Now if an appointment is sought to be made behind the back of elected office-bearers or the general body responsible for these appointments and I am expected to sign such letters, I will not do it.

The Supreme Court’s order of January 2 and 20, 2017, and on March 24, 2017 reiterated that office-bearers do exist. Had that not been the case, while removing the president and secretary, why did the court go to the extent of directing that the seniormost vice-president will act as president and joint secretary as secretary? If it (SC decisions) come into conflict with those of CoA, that in no way means I am in conflict personally.

WATCH | Upbeat India gear up for tough England test

The CoA was appointed to perform the primary task of implementing the reforms as embodied in the judgement of July 18, 2016. On his (CoA chief Vinod Rai) appointment he had publicly said he had been helicoptered in, and when asked by when the reforms were to be implemented, he had mentioned October 2017 as the deadline.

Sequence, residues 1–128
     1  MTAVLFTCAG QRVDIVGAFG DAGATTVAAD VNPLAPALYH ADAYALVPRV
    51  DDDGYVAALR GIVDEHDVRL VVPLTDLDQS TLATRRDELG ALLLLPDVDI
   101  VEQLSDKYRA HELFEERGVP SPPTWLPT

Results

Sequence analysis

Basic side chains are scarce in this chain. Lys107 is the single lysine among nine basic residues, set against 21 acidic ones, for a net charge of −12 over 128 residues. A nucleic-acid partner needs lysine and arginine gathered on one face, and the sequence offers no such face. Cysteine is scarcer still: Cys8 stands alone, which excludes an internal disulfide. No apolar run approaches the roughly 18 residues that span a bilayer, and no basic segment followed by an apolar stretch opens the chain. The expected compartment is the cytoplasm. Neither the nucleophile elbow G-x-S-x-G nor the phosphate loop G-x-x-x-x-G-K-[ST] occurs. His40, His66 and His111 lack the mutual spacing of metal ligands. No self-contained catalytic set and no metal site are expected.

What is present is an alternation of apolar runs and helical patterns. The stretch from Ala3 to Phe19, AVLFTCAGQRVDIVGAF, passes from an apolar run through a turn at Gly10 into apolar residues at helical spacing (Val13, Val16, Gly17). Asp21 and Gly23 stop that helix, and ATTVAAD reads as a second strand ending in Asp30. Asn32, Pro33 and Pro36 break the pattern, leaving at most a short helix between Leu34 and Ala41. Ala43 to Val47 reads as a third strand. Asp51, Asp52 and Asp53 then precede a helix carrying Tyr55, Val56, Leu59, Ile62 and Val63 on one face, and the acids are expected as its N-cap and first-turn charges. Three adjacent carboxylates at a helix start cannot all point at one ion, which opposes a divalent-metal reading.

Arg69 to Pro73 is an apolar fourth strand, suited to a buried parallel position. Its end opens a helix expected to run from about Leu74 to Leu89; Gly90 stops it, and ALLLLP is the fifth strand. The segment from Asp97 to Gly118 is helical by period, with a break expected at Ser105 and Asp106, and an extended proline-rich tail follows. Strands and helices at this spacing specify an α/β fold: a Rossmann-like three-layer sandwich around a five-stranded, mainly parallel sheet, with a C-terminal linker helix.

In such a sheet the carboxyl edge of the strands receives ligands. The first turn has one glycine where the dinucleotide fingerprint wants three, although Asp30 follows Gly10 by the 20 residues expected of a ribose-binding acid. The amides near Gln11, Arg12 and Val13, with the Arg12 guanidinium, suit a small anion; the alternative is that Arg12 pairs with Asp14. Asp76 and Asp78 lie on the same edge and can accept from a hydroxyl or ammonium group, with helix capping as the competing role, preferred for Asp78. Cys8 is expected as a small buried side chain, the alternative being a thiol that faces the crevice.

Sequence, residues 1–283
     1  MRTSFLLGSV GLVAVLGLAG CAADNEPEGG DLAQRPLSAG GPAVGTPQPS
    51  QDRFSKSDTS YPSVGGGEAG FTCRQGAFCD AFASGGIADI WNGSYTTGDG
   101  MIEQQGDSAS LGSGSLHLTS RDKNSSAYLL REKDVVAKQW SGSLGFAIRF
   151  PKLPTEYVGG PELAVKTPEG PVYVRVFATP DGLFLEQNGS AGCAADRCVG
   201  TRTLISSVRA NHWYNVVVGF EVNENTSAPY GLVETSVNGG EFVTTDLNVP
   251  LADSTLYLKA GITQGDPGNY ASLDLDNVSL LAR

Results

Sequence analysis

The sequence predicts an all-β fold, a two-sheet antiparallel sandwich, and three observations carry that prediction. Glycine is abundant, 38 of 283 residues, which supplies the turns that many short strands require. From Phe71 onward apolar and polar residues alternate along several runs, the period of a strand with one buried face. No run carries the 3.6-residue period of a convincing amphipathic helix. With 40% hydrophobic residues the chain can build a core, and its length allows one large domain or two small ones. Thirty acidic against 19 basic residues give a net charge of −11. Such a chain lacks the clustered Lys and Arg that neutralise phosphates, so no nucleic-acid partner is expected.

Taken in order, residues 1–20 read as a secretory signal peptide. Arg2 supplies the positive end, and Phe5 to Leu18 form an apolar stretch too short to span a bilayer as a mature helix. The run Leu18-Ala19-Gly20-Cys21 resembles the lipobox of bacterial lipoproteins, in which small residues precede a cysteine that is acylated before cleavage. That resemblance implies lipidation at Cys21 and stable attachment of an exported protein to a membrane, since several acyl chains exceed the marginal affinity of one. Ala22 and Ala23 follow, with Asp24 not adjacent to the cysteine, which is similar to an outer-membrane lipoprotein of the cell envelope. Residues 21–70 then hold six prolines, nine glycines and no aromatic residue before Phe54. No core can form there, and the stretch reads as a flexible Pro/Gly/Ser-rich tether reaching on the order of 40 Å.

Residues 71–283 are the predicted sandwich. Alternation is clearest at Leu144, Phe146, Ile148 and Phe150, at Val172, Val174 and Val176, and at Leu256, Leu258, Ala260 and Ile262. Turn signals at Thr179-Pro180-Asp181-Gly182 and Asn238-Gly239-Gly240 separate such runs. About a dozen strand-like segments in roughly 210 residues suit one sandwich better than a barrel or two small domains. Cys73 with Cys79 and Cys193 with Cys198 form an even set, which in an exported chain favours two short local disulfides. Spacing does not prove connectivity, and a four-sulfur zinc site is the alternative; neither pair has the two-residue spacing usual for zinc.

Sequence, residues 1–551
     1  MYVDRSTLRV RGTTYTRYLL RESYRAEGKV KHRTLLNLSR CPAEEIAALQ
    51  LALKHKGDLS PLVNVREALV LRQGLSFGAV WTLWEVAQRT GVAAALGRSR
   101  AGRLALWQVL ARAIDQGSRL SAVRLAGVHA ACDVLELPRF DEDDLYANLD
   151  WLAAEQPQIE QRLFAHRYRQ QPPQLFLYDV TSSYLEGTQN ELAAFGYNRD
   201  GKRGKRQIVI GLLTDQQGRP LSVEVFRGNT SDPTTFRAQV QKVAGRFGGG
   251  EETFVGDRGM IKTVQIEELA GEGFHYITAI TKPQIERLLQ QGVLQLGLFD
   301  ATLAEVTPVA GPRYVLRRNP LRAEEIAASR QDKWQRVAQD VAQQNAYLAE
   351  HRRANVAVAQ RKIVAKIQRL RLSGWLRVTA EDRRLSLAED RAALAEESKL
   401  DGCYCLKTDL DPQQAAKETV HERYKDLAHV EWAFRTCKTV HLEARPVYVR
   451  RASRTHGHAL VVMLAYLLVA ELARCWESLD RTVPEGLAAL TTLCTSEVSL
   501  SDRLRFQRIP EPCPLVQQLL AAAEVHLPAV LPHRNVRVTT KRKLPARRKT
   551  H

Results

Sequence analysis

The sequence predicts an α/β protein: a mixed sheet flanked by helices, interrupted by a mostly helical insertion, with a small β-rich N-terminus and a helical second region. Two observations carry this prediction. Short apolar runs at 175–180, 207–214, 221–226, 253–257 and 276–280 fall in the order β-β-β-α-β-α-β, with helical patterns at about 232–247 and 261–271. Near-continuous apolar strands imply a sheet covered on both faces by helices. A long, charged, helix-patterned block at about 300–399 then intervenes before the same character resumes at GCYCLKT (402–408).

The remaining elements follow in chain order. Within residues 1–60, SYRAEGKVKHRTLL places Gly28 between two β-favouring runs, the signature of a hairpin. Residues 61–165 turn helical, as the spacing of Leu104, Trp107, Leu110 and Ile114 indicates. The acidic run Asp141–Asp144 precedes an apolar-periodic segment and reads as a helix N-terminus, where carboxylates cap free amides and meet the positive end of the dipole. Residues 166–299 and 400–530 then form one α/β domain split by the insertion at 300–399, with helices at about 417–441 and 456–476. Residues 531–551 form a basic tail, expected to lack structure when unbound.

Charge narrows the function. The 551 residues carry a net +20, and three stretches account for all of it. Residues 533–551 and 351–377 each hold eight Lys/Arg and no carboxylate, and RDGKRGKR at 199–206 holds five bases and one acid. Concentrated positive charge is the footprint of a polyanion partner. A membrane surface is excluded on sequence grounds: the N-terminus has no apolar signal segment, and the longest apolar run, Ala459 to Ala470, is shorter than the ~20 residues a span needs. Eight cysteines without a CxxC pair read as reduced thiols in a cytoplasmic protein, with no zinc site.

Six-seven months have elapsed since. I have done my part after I submitted my undertakings to the court. I had gone out of the way in persuading 12 full-member associations to see the reforms in their true spirit and try our best to implement them. That is why as many as 12/13 full members have agreed to the reforms, barring the few points of impracticability.

The COA is not happy with your travel plans. You travelled for 110 out of the first 169 days of this year and your travel has cost the BCCI R52 lakh. The three acting officials’ entire travel has cost about R1 crore. Now you have to take permission to travel…Is that a fair call?